History Of Holi and His Significance
There is a symbolic legend to explain why Holi is celebrated as a festival of colours. The word “Holi” originates from “Holika“, the evil sister of the demon king Hiranyakashipu. The festival itself is believed to have origins from the Prahlada-Puri Temple of Multan in the Punjab region. The original temple of Prahladpuri is said to have been built by Prahlada, Hiranyakashipu’s son.
King Hiranyakashipu, according to legend, was the King of Multan and had earned a boon that made him virtually indestructible. He grew arrogant, thought he was God, and demanded that everyone worship only him.
Hiranyakashipu’s own son, Prahlada, however, disagreed. He was and remained devoted to Vishnu. This infuriated Hiranyakashipu. He subjected Prahlada to cruel punishments, none of which affected the boy or his resolve to do what he thought was right. Finally, Holika – Prahlada’s evil aunt – tricked him into sitting on a pyre with her. Holika was wearing a cloak that made her immune to injury from fire, while Prahlada was not. As the fire roared, the cloak flew from Holika and encased Prahlada. Holika burned, Prahlada survived. Vishnu appeared and killed Hiranyakashipu. The bonfire is a reminder of the symbolic victory of good over evil, of Prahlada over Hiranyakashipu, and of the fire that burned Holika. The next day when the fire cooled down, people applied ash to their foreheads, a practice still observed by some people. Eventually, coloured powder came to be used to celebrate Holi.
There are two ways of reckoning a lunar month- ‘purnimanta’ and ‘amanta’. In the former, the first day starts after the full moon; and in the latter, after the new moon. Though the amanta reckoning is more common now, the purnimanta was very much in vogue in the earlier days.
According to this purnimanta reckoning, Phalguna purnima was the last day of the year and the new year heralding the Vasanta-ritu (with spring starting from next day). Thus the full moon festival of Holika gradually became a festival of merrymaking, announcing the commencement of the spring season. This perhaps explains the other names of this festival – Vasanta-Mahotsava and Kama-Mahotsava.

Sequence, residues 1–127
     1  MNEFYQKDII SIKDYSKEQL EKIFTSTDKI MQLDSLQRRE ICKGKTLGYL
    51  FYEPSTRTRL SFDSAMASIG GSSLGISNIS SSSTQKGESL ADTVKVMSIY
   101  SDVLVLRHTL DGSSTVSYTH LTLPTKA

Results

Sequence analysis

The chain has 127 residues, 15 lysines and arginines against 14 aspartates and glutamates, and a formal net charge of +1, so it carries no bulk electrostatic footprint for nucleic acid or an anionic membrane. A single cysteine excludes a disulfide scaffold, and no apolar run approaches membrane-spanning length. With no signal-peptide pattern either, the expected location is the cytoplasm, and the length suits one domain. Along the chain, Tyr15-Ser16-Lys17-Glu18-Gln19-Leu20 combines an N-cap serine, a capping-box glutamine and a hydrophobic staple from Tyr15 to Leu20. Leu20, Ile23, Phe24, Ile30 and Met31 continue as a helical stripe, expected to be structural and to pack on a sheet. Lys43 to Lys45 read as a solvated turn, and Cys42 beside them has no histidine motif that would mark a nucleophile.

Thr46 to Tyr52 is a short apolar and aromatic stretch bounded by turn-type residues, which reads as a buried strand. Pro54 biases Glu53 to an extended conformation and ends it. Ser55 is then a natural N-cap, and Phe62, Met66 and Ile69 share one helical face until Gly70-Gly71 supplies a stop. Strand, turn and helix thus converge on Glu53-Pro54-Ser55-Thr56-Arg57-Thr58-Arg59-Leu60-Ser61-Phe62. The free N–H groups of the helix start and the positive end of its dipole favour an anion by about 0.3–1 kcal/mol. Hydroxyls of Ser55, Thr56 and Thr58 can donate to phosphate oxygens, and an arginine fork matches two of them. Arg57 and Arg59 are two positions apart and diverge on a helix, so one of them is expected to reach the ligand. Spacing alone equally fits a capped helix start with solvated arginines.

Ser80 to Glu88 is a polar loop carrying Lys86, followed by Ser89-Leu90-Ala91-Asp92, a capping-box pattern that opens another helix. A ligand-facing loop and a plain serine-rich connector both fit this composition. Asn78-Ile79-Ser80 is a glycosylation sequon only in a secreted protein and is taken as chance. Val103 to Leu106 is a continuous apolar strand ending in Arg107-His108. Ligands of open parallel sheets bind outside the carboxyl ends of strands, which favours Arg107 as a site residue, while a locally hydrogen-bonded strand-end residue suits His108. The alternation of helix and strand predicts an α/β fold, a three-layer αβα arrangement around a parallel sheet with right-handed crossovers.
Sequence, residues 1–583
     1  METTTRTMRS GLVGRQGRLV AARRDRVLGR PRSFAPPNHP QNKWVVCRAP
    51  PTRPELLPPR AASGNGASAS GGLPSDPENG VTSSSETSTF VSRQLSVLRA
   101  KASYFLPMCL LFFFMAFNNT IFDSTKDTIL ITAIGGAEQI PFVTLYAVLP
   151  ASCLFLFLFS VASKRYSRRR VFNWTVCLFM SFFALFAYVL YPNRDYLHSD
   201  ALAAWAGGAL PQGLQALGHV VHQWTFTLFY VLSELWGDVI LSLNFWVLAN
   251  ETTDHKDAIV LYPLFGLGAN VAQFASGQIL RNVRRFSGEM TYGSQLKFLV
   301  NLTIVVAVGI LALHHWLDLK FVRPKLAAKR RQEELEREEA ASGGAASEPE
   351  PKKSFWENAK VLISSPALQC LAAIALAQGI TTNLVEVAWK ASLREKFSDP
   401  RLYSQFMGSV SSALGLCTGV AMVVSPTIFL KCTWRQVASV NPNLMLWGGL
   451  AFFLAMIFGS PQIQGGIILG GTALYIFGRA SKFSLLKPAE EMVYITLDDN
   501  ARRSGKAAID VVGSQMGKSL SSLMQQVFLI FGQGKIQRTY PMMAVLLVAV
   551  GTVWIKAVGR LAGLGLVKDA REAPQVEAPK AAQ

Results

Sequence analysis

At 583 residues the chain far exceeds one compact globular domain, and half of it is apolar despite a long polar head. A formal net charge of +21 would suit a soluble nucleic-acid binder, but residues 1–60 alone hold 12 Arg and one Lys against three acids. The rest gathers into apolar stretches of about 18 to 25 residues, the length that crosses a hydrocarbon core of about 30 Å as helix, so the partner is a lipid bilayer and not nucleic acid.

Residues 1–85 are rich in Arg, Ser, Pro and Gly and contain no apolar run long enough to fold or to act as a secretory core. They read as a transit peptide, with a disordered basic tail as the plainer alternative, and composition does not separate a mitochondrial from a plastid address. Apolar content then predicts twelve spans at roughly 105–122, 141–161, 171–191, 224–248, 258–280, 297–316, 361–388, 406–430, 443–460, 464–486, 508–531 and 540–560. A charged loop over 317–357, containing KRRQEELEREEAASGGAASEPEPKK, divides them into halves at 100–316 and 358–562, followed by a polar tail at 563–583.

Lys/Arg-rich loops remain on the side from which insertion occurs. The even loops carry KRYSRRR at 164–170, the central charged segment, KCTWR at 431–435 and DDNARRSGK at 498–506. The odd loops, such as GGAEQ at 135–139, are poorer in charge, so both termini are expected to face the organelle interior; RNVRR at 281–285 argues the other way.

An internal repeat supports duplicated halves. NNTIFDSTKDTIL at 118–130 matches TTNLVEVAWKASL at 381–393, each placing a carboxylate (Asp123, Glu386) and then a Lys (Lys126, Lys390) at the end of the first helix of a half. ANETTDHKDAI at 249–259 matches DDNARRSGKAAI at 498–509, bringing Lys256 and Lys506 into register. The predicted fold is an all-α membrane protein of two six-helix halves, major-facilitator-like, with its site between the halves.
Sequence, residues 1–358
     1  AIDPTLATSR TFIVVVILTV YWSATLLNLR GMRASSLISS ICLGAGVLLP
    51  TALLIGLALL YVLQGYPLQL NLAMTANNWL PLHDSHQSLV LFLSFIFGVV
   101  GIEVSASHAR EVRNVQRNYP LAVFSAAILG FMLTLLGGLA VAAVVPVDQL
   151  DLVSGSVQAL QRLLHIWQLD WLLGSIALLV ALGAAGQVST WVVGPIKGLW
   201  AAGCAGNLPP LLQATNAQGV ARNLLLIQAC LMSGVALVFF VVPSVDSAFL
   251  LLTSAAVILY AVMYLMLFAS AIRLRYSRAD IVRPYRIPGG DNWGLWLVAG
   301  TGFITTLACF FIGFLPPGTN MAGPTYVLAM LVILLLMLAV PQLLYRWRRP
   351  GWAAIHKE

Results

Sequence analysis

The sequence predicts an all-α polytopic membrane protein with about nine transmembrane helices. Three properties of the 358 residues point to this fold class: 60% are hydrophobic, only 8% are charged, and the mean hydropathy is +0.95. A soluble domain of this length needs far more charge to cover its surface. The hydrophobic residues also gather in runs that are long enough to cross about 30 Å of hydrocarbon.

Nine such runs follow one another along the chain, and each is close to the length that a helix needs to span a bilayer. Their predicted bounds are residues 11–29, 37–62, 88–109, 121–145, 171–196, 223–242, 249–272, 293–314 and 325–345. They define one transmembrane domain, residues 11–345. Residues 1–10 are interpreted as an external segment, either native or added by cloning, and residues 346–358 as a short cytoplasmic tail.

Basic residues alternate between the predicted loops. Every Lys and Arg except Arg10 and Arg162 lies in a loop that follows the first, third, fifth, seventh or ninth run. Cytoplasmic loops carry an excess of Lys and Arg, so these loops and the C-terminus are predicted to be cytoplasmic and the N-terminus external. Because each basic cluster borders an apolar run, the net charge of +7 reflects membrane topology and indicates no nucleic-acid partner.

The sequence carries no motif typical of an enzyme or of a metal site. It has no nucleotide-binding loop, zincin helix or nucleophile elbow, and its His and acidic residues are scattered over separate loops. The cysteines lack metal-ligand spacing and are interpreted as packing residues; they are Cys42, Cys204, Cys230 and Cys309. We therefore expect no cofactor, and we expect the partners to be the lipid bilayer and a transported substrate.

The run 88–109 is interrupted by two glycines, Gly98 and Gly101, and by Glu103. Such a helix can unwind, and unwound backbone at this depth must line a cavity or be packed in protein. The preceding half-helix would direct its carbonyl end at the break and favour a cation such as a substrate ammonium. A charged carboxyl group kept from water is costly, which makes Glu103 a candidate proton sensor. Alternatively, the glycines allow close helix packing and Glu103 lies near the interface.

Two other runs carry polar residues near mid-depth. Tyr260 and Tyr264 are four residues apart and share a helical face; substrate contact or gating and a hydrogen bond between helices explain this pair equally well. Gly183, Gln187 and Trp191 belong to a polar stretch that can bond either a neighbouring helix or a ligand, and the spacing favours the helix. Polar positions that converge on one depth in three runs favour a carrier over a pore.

Importance Holi Of Festivals
In the Braj region of India, where the Hindu deity Krishna grew up, the festival is celebrated for 16 days (until Rangpanchmi) in commemoration of the divine love of Radha for Krishna. The festivities officially usher in spring, with Holi celebrated as a festival of love. There is a symbolic myth behind commemorating Krishna as well. As a baby, Krishna developed his characteristic dark blue skin colour because the she-demon Putana poisoned him with her breast milk. In his youth, Krishna despaired whether the fair-skinned Radha and other girls would like him because of his skin colour. His mother, tired of the desperation, asks him to approach Radha and colour her face in any colour he wanted. This he does, and Radha and Krishna became a couple. Ever since, the playful colouring of Radha’s face has been commemorated as Holi. Beyond India, these legends to explain the significance of Holi (Phagwah) are common in some Caribbean and South American communities of Indian origin such as Guyana and Trinidad and Tobago. It is also celebrated with great fervour in Mauritius.
Check Out : Holi celebration Dress Code
The Holi festival has further cultural significance. It is the festive day to end and rid oneself of past errors, to end conflicts by meeting others, a day to forget and forgive. People pay or forgive debts, as well as deal anew with those in their lives. Holi also marks the start of spring, and for many the start of the new year.